Dennison Mfg. Co. v. Thomas Mfg. Co.

Decision Date05 May 1899
Docket Number204.
Citation94 F. 651
CourtU.S. District Court — District of Delaware

Augustus T. Gurlitz and Lewis C. Vandegrift, for defendant.

BRADFORD District Judge.

The bill in this case charges infringement of certain alleged common law trade-marks and also unfair competition in trade and prays for an injunction and an account. The defendant has demurred to the bill, alleging that it is multifarious defective and insufficient. Both the complainant and defendant are engaged in the business of manufacturing and selling stationers' supplies. The bill charges numerous instances of infringement by the defendant of alleged trade-marks of the complainant as well as unfair competition in trade on the part of the defendant. Seventy causes of demurrer have been assigned, of which the first fifty five are confined to the charge of multifariousness. While the bill relates to various articles and details of the business conducted by the defendant, the relief prayed is of the same kind with respect to all those articles and details and is based on substantially similar considerations. No hardship or injustice is likely to result to the defendant from the inclusion in one suit of the various matters complained of. On the other hand, to require the filing of separate bills relating respectively to the several matters set forth in the present bill would involve great expense and annoyance to both parties. Such a course would not subserve the convenience of either the parties or the court. The objection of multifariousness is one which addresses itself to the sound discretion of the court, and under the circumstances should not be sustained here. Oliver v. Piatt, 3 How. 333, 412; U.S. v. American Bell Tel. Co., 128 U.S. 315, 352, 9 Sup.Ct. 90; Harrison v. Perea, 168 U.S. 311, 319, 18 Sup.Ct. 129; Sheldon v. Packet Co. 8 Fed. 769; Jaros Hygienic Underwear Co. v. Fleece Hygienic Underwear Co., 60 F. 622; Harper v. Holman, 84 F. 222; Weir v. Gas Co., 91 F. 940.

The first of the two main questions in the case is whether the bill together with the exhibits therein referred to and made part thereof shows infringement by the defendant of common law trade-marks of the complainant. The bill alleges, among other things, that the complainant is a corporation of the state of Massachusetts, created during or about 1878, and that it thereupon succeeded to the business of the firm of Dennison & Co., consisting of the manufacture and sale of numerous articles adapted to the use of jewelers, such as paper boxes, labels, tags, jewelers' cotton, and the like, and also of numerous articles commonly sold by stationers, and that the property which in connection with the business of that firm passed to the complainant embraced the 'real estate, plant and other property of every name and nature belonging to the said firm of Dennison & Co., together with the good-will of the business of said firm, and all rights of whatsoever nature thereto appertaining, including the trade-marks, trade-names, designations, labels and other indicia belonging and relating to said business. ' The bill further alleges:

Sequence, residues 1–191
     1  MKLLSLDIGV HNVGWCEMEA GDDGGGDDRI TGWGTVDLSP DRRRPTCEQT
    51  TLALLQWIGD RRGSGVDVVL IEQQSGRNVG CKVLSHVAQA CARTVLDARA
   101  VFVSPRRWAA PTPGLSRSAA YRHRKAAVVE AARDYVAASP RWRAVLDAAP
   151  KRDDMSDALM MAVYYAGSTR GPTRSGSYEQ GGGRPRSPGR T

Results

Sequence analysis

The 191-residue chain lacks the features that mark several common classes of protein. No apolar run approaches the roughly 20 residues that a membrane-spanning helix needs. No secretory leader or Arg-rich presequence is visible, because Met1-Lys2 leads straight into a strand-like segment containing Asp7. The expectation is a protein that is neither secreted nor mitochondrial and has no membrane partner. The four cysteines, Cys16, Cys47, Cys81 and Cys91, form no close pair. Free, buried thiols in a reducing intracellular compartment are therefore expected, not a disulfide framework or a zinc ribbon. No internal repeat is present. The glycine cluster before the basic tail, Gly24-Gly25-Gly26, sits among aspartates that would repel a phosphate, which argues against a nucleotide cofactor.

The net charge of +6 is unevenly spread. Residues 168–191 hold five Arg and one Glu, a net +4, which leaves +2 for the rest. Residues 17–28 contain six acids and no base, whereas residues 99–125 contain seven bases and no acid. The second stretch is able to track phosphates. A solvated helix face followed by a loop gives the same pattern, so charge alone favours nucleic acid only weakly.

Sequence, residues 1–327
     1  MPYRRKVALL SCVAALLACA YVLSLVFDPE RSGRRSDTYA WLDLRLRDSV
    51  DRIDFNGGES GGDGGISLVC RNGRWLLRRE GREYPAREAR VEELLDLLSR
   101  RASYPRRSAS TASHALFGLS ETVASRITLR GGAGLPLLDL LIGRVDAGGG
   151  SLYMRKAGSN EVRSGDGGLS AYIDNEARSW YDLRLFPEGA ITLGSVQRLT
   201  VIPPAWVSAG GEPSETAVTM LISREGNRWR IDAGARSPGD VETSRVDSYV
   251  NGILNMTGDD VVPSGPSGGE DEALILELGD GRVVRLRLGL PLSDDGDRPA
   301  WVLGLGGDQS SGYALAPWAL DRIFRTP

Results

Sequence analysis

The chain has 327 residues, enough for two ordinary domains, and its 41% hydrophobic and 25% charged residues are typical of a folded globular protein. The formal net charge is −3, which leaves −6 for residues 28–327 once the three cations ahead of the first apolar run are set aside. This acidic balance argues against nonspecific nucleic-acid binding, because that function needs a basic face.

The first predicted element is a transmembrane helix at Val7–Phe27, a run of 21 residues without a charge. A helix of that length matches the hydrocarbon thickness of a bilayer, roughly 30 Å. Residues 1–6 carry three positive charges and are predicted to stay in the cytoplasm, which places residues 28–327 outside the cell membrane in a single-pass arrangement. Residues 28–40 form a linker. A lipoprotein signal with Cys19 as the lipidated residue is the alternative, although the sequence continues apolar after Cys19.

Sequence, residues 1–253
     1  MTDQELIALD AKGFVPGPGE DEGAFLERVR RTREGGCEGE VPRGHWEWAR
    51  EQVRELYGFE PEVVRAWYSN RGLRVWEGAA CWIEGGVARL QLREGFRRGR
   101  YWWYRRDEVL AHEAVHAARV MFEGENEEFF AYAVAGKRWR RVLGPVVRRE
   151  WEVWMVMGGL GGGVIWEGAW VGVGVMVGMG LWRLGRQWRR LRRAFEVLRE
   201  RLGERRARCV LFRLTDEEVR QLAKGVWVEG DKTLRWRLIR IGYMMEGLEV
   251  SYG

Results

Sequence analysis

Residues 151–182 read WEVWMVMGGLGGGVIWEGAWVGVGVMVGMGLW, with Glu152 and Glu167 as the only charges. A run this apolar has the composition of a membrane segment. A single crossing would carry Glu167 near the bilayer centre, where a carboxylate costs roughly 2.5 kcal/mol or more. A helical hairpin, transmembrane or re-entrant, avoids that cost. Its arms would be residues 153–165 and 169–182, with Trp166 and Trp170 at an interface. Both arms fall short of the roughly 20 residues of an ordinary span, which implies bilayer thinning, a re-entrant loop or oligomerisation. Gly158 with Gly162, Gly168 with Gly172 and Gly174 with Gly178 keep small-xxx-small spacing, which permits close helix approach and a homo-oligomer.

'Thereafter said business, founded and carried on as aforesaid and made over to your orator, was, without interruption continuously by your orator conducted and carried on without change, except that the said business from time to time has been very greatly enlarged and extended by your orator, branch houses and agencies for the sale of its products throughout the United States and in foreign countries having been by your orator established and conducted, with the result that your orator's business of manufacturing tags, labels and numerous other articles commonly known as stationers' specialties and jewelers' findings is, and for a long period of years has been, the most important and extensive business of its kind existing in the United States, and, your orator believes, the largest and most important in the world. * * * And your orator further says that each of the numbers, designations or marks hereinafter enumerated as having been by it used, was arbitrarily selected and applied and originally and for the first time used in connection with its business, and has been, since the adoption thereof continuously, by your orator's predecessors and by your orator, without interruption, used and availed of in connection with the sale of the particular tag, label, check, seal or other article to which it has been appropriated. * * * And your orator avers that by reason of the premises aforesaid, and otherwise, it now has, as against this defendant and otherwise, the sole and exclusive right to use in the United States and elsewhere the said marks, numbers and designations, and each and all of them, as trade-marks in connection with the tags, labels, checks, seals, and other articles to which they have severally related and been applied.